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Soft Power, Hard Power
I’ve long been taken aback by the readiness of some leading left intellectuals to downplay the role of state violence in the enforcement of social hierarchy and class rule inside the United States. Perhaps you know the argument: thanks to the relative strength of the free speech tradition, outwardly democratic politics, and the related heroic struggles of activists from the abolitionists of the 19th century through the trade union and Civil Rights militants of the last century, the American power elite relies less on force than on “the manufacture of consent” to keep to the citizenry down. It’s called “taking the risk out of democracy” through the “soft power” of propaganda, spectacle, messaging, diversion and illusion: thought control. It comes with a great and brilliant irony: free speech, “democracy” – insofar as it can meaningfully exist under capitalism (which is not very far) – and civil liberties are mixed blessings in hierarchical and imperial societies like the United States because they incentivize those who hold wealth and power to invest heavily in the sinister manipulation of popular hearts and minds. And where else have the art and science of mass consent-manufacture been more advanced than in the nation that first and most powerfully developed modern advertising to advance monopoly capitalist mass consumerism – the United States?
I’ve made the argument myself, with the requisite footnotes to Alex Carey and to Noam Chomsky, who has made it a central part of his intellectual legacy. I’ve tended to advance the Carey-Chomsky thesis with two key qualifications, however. The first is an insistence that the vast entertainment component of the mass media – almost completely ignored in Chomsky’s voluminous writings and interviews – is every bit as central, if note more pivotal, to the “manufacturing consent” process as the news and public affairs content Chomsky has always emphasized.
The second is the observation that state violence continues to hold a central place in the enforcement of “homeland” inequality and oppression combined with a nagging suspicion that the soft power functions to soften the population up for hard force when push comes to shove.
Take the dismantlement of Occupy Wall Street in the fall and winter of 2011. We know that the multiple metropolitan repressions and evictions of the Occupy movement across the country were coordinated with assistance and advice from the FBI and the Department of Homeland Security. In coordinating this suppression, federal agencies including the U.S. Naval Intelligence Service worked with the Federal Reserve and numerous private banks and businesses including the “corporate security business” to function as what the Partnership for Civil Justice Fund called “a de facto intelligence arm of Wall Street and corporate America.”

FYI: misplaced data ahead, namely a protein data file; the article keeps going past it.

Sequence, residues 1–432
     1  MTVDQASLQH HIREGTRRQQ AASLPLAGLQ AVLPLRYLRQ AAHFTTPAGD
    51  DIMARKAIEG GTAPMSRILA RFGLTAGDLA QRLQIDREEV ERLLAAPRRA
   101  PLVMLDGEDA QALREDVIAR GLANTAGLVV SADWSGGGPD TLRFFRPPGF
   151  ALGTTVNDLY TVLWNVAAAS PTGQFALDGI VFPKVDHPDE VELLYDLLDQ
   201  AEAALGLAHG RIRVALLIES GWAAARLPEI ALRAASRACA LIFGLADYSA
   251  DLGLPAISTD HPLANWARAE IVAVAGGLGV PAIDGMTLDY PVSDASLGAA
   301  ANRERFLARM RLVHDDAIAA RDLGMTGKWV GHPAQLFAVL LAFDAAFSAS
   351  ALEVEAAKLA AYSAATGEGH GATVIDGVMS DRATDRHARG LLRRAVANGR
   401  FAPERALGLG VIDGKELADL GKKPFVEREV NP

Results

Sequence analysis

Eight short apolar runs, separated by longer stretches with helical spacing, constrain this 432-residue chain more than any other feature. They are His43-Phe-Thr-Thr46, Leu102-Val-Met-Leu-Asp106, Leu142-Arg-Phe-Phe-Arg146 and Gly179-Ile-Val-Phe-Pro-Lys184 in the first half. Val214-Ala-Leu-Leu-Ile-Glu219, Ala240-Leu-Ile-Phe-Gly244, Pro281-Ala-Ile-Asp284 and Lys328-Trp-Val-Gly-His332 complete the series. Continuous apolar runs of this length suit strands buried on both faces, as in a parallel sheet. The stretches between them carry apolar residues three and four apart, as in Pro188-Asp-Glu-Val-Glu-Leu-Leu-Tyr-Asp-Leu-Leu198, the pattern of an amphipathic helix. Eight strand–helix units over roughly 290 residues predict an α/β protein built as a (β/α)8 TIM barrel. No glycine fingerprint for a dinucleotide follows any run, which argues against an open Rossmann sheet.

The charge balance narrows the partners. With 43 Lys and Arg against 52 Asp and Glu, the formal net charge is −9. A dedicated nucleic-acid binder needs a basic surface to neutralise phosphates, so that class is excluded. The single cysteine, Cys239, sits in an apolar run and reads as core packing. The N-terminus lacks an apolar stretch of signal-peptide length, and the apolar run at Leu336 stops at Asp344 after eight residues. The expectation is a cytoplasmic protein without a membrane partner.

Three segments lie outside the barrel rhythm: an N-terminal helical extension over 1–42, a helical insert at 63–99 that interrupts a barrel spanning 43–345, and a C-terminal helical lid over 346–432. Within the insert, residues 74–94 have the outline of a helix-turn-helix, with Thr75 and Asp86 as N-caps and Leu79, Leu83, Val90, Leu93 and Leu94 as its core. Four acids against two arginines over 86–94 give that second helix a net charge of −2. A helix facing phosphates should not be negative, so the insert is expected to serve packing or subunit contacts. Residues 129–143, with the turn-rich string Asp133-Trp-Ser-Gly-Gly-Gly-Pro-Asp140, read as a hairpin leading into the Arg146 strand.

“It has become increasingly clear,” the liberal economist Jeffrey Madrick wrote in the spring of 2013, “that Occupy Wall Street…was undone by a concerted government effort to undo it…the coordinated and disproportionate actions of the NYPD, the FBI, and Homeland Security represent a campaign of suppression without which Occupy might well have evolved into something more formidable, even in the cold of New York City’s winter.”
The state violence was quite pronounced in some cases. In Oakland, California, a chilling police state attack was described by a downtown security guard who witnessed a massive, Nazi-like police rush on 100 or so hundred peaceful Occupiers on October 25th, 2011:
“It was terrifying to see …. There were helicopters flying about and with high beams on the camps…the beams were moving across every which way…there were young people in these camps and children, infants in a lot of the tents and this was just….they shot…tear gas into the middle of the camp, and at the time…the police…moved in and the first thing they hit was the information tent, and they just started just tearing everything down… this was a military type operation, the way they moved in. It harkened back to old footage I had seen of Nazi Germany where you know you had the Nazis, the SS going in and picking up innocent people. It had that tenor. …the helicopters, and the lights, and the loud speaker, all those were all intended to create panic and terror for the people inside…. They had these vehicles that looked like armored boxes, black…the thing that stays in my mind’s eye is in the middle ground with the lights from the helicopters, the police moving in and just stomping on these tents, and moving in one layer, after another, moving in deeper and deeper.”